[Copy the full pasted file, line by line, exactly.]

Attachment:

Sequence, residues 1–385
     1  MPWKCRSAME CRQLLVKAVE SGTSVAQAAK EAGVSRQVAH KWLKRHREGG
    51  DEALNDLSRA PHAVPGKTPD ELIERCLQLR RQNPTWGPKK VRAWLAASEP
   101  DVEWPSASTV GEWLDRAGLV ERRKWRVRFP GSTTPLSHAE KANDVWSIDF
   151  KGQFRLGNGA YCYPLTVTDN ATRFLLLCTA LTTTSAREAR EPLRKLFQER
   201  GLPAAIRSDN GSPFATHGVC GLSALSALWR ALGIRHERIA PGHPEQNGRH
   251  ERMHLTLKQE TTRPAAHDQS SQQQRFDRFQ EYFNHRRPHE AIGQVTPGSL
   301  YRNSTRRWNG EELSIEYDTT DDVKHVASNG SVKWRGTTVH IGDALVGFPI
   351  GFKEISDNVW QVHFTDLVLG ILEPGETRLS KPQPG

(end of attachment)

Sequence, residues 1–385
     1  MPWKCRSAME CRQLLVKAVE SGTSVAQAAK EAGVSRQVAH KWLKRHREGG
    51  DEALNDLSRA PHAVPGKTPD ELIERCLQLR RQNPTWGPKK VRAWLAASEP
   101  DVEWPSASTV GEWLDRAGLV ERRKWRVRFP GSTTPLSHAE KANDVWSIDF
   151  KGQFRLGNGA YCYPLTVTDN ATRFLLLCTA LTTTSAREAR EPLRKLFQER
   201  GLPAAIRSDN GSPFATHGVC GLSALSALWR ALGIRHERIA PGHPEQNGRH
   251  ERMHLTLKQE TTRPAAHDQS SQQQRFDRFQ EYFNHRRPHE AIGQVTPGSL
   301  YRNSTRRWNG EELSIEYDTT DDVKHVASNG SVKWRGTTVH IGDALVGFPI
   351  GFKEISDNVW QVHFTDLVLG ILEPGETRLS KPQPG